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Prehistoric Art: Origins and Transitions - ARC00126M

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  • Department: Archaeology
  • Module co-ordinator: Dr. Andy Needham
  • Credit value: 20 credits
  • Credit level: M
  • Academic year of delivery: 2023-24
    • See module specification for other years: 2024-25

Module summary

The course explores the earliest forms of artistic expression from across the Palaeolithic, Mesolithic and Neolithic, and how it changes across different species, varying environmental and ecological conditions, and diverse lifeways. Lectures provide detailed introductions to key themes and the art of each period, discussion is supported through the use of seminars and online activities, and critical reflection encouraged via practical workshops.

Module will run

Occurrence Teaching period
A Semester 2 2023-24

Module aims

This modules aims:

  • To examine the different kinds of prehistoric art from across the Palaeolithic, Mesolithic and Neolithic
  • To consider the varied methods archaeologists use to study early prehistoric art
  • To discuss the varied theories and interpretations surrounding prehistoric art across different periods
  • To foster familiarity with the main theoretical approaches, sources of evidence and techniques of analysis associated with the study of prehistoric art
  • To facilitate development of a range of important skills, including oral and written communication, critical analysis, and synthesis

Module learning outcomes

By the end of this course, students should be able to:

  • Demonstrate a systematic understanding of the characteristics of the different types of art found across early prehistory
  • Critically evaluate the methods by which different forms of prehistoric art are studied by archaeologists
  • Demonstrate critical engagement with interpretations of and debates surrounding early prehistoric art
  • Communicate complex ideas in an analytical framework through essay writing

Module content

The course explores the earliest forms of artistic expression from around the world using a combination of lectures, seminars, practical workshops, and museum and gallery visits. The course takes in the earliest flickerings of the precursors of artistic expression, such as an aesthetic sense and interest in form, perhaps evidence from as early as the Lower palaeolithic and considers the debates surrounding these traces. This invites a (seemingly) simple but critical question: what is art? Next, the course explored the art produced by our closest extinct relatives the Neanderthals and the implications of another complex art making species in the hominin line. The course then focuses on the art produced by Anatomically Modern Humans, from the Palaeolithic through to the Neolithic. While the species making the art remains constant, this period reflects significant shifts in environment and ecology, population density, mobility strategy, and lifeway, including the shift from hunting and gathering to agriculture. The relationship between this complex milieu will be considered in tandem with the changing nature of artistic expression in humans through time. At every step, the varying interpretations, theories and methods used by archaeologists to explore this topic will be introduced and evaluated.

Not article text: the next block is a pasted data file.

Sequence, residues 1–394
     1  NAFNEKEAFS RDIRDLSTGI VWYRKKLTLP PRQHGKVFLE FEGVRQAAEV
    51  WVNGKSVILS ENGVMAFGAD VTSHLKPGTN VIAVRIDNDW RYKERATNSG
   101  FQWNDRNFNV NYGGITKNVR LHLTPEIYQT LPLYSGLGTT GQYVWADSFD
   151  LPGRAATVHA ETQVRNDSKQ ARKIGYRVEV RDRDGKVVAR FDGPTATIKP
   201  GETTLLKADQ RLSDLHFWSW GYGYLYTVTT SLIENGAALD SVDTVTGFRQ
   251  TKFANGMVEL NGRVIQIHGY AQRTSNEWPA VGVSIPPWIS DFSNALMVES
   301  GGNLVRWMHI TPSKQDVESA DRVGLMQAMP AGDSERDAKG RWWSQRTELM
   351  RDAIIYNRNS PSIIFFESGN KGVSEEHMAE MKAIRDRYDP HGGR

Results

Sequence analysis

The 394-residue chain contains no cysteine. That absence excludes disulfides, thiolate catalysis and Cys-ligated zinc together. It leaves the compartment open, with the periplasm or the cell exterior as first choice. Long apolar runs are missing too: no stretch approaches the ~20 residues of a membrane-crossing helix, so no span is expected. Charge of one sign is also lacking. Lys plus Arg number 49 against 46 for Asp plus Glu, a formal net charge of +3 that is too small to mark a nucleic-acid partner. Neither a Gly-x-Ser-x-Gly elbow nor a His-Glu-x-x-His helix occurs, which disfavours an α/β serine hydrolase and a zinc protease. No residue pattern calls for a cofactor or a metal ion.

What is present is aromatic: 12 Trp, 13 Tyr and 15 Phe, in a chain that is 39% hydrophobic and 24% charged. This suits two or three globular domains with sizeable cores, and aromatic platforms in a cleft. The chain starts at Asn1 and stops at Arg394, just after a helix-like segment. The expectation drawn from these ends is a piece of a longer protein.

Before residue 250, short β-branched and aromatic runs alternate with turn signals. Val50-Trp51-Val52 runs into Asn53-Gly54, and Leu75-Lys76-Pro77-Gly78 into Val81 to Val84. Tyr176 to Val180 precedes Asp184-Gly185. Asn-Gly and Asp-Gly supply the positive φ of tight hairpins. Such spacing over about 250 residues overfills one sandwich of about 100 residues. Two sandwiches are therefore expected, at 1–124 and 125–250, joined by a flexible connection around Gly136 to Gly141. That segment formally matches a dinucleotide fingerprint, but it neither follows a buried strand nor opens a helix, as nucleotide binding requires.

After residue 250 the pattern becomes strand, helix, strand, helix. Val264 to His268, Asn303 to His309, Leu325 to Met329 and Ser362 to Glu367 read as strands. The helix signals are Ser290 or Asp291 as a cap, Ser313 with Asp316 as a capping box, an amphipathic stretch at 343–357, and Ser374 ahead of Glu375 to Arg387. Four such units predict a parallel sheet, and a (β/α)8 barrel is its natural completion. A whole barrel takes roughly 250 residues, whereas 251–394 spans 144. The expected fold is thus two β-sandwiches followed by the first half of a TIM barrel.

Task Length % of module mark
N/A 100

Special assessment rules



Task Length % of module mark
N/A 100

Module feedback

Formative: oral feedback from module leaders

Summative: written feedback within the University's turnaround policy

Indicative reading

Needham, A., Wisher, I., Langley, A., Amy, M., Little, A. (2022) Art by Firelight? Using experimental and digital techniques to explore Magdalenian engraved plaquette use at Montastruc (France). PLOS One 17(4) e0266146.

Milner, N., Bamforth, M., Beale, G., Carty, J.C., Chatzipanagis, K., Croft, S., Conneller, C., Elliott, B., Fitton, L.C., Knight, B., Kröger, R., Little, A., Needham, A., Robson, H.K., Rowley, C.C.A., Taylor, B. (2016) A unique Engraved Shale Pendant from the Site of Star Carr: The oldest Mesolithic art in Britain. Internet Archaeology 40,

Jones, A.M. (2017) The Art of Assemblage: Styling Neolithic Art. Cambridge Archaeological Journal 27(1), 85–94.

The information on this page is indicative of the module that is currently on offer. The University is constantly exploring ways to enhance and improve its degree programmes and therefore reserves the right to make variations to the content and method of delivery of modules, and to discontinue modules, if such action is reasonably considered to be necessary by the University. Where appropriate, the University will notify and consult with affected students in advance about any changes that are required in line with the University's policy on the Approval of Modifications to Existing Taught Programmes of Study.